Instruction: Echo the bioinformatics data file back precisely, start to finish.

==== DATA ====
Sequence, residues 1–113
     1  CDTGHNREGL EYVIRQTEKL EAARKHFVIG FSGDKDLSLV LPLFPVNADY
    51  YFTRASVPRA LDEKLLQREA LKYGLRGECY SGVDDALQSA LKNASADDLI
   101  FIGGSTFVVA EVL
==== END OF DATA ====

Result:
Sequence, residues 1–113
     1  CDTGHNREGL EYVIRQTEKL EAARKHFVIG FSGDKDLSLV LPLFPVNADY
    51  YFTRASVPRA LDEKLLQREA LKYGLRGECY SGVDDALQSA LKNASADDLI
   101  FIGGSTFVVA EVL